Over the years I have interviewed lots of people for music jobs. Sometimes the decision has been difficult – so don’t loose heart if you are not selected. I can think of a couple of times when we would have appointed two people if we could.
By the way when filling in an application form address the job spec.
Here are a few thoughts on the process.
Not that I’m an expert at interviews – I’m pretty poor at them – so this isn’t advice or top tips – just my own point of view.
In my present school we observe a lesson, hold a student voice interview and then hold an interview.
- It is difficult to teach an observation lesson. However we are looking for how you build relationships in the classroom. We want to see some practical music making.
- If things go wrong – don’t worry – be willing to adjust your lesson and try something else.
- Observation lessons are tough – but generally we appreciate this. Feel free to contact and ask for clarification of task and be explicit about what you might need.
They want to see that you are a warm, friendly, strong person who can do the business in the classroom. Show you are interested in them.
I’m surprised by how often people don’t answer the questions or don’t really take the opportunity to tell us what they can do.
I’m sure nerves take a part – but it might be worth rehearsing answers so that you give a full account with out waffling.
Questions and Answers.
Describe a good music lesson. Discuss your own lesson.
Surprisingly very few people answer this well. I think you should be willing to show your understanding of pedagogy here and outline the things you feel are important. I would like to hear something like:
Clear modelling to illustrate how to do the task
Good questioning which develops understanding.
formative assessment to support students in moving forward.
Alternatively you might like to talk about an immersive high quality musical experience which engages all the class .
Or indeed a mix of both.
When discussing your own lesson show your awareness of its strengths and areas for development.
What are your thoughts on the strengths and weaknesses of a Musical Futures approach to music teaching? What experience have you had of the approach?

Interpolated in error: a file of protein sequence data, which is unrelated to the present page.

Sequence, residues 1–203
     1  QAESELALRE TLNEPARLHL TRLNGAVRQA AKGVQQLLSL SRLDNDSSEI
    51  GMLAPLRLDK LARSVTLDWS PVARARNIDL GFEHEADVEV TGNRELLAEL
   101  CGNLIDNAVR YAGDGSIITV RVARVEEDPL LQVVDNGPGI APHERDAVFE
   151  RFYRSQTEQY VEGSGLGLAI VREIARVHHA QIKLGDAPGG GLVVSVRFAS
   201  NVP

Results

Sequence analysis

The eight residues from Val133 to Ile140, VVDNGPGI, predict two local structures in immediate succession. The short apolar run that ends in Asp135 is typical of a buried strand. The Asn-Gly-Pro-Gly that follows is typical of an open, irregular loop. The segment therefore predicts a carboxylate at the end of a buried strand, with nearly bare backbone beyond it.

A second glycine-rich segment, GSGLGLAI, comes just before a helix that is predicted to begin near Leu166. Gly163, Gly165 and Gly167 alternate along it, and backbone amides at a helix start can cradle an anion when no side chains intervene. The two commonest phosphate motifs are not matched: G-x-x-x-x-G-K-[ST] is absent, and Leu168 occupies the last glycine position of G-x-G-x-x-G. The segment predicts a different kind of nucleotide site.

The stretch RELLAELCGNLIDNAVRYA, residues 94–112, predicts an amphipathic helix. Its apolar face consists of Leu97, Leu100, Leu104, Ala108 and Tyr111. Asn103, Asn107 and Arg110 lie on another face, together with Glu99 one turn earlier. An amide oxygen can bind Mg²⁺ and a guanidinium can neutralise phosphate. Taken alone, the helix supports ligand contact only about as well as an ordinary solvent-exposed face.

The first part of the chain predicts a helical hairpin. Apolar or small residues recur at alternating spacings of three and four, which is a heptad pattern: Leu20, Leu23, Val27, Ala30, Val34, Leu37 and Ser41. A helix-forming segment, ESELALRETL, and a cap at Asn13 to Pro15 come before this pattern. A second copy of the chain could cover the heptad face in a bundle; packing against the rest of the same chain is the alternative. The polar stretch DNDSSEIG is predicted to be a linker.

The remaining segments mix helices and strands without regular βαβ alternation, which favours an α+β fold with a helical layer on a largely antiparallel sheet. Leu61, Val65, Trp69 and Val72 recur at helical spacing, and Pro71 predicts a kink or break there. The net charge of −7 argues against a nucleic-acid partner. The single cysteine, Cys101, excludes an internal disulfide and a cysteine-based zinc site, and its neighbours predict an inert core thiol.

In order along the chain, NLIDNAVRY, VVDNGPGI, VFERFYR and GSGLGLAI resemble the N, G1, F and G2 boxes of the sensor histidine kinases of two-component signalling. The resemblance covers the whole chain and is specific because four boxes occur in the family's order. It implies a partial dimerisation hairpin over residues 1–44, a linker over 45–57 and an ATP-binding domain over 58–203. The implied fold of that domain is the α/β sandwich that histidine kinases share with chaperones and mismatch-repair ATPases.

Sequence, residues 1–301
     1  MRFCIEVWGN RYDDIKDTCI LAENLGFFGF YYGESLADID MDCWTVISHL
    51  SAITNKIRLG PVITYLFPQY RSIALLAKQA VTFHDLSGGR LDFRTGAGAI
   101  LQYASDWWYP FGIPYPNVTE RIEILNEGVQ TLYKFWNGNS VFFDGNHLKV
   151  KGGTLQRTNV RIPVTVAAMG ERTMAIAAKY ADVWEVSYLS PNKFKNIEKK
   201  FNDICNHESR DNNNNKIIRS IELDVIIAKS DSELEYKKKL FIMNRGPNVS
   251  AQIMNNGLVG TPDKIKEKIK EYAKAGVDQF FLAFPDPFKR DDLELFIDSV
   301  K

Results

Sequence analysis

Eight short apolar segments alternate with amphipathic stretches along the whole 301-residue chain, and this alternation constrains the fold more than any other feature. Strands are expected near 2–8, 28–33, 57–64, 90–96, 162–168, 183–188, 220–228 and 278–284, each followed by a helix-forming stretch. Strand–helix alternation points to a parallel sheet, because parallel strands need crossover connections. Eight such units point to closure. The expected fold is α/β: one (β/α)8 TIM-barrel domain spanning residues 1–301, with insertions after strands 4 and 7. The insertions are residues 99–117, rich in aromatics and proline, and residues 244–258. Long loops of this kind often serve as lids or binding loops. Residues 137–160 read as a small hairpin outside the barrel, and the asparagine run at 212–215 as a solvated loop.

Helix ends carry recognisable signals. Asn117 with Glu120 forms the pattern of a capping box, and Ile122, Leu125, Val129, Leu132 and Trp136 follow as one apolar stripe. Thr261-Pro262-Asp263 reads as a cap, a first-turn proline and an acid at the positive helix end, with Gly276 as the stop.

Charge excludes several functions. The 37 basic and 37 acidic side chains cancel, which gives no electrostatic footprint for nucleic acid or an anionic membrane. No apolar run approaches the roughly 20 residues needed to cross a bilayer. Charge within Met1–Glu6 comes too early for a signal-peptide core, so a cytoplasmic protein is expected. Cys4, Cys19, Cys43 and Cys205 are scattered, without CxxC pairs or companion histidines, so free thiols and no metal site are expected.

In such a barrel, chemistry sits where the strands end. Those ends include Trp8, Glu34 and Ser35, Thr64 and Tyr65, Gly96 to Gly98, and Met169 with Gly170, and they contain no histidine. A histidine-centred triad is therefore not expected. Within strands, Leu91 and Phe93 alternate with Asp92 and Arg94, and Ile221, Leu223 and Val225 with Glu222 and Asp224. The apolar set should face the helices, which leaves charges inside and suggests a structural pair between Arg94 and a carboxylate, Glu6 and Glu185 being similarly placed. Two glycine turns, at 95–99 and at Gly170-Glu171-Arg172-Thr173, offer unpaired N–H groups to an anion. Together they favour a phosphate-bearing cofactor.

A slightly unusual question. But I want to know if you are open to the idea of student ownership of work and willing to take on board/explore student prior interests. I don’t think it would work for me if you just said I would never use Musical Futures. However that said you might have blown me away in your observation lesson in which case ultimately I want to hear some thoughts around pedagogy again and what you feel are the best ways to excite and enthuse students in music making.
What assessment strategies do you think are most effective in promoting progress and describe some examples of how you have used assessment?
I’m hoping for discussing of formative assessment – both verbally and also musically. I want to hear how you get stuck in when kids are playing and join in – offering suggestions and engaging in dialogue with students. I probably should be interested in summative assessment expertise but I’m not.
Many students at this school bring a lot of energy and enthusiasm to their studies, some students lack a great deal of confidence in their abilities – what qualities and skills do you think you would need to work successfully with our students?
resilience, patience, sense of humour, tenacity, love, drive, energy, passion, empathy, support, understanding, high expectations, an ability to draw people in, compassion, firm boundaries, a belief they can do it, a willing to be inclusive and see potential in all, desire to see how students might be not how they are, good teaching, clear building up of skills, opportunities to be creative, warmth, a sense of fun, openness, unswerving belief that they can improve, creativity, innovative approach, willingness to make mistakes, consistency, a lot of self belief and confidence. etc etc. etc
What excites you most about the Arts? What passions, interest and skills would you offer the Expressive Arts department?
Let us know what musical skills you can offer. What would you want to do in the music department as an extra curricular – what excites you musically. Tell us a bit about your musical history and how this might be used to improve the musical lives of our students. What can you offer us – go on let us know!
What are your strengths as a teacher and what are your areas for professional development?
Guaranteed to throw up weak answers – so give this sort of thing some thought.
Don’t promise confidentiality, don’t befriend students on Facebook….
So an example of some typical questions – here’s some more this time for dance and for a HOD post:
- What skills and qualities would you bring to the post of Curriculum Leader?
- What is the role of curriculum Leader in ensuring the quality and consistency of teaching and learning?
- What does effective assessment look like in dance?
- Describe what an outstanding dance looks like?
- How would you develop and extend the extra curricular offer. What are your priorities and why?
- Dance recruits relatively small numbers. What strategies would you use to increase take up?
- Can you tell me about a time a student seriously challenged your authority, and put you under stress, how did you react, how did this make you feel?
- Are there any questions you would like to ask us?.
Hope this helps. Of course this is just my point of view. Good luck.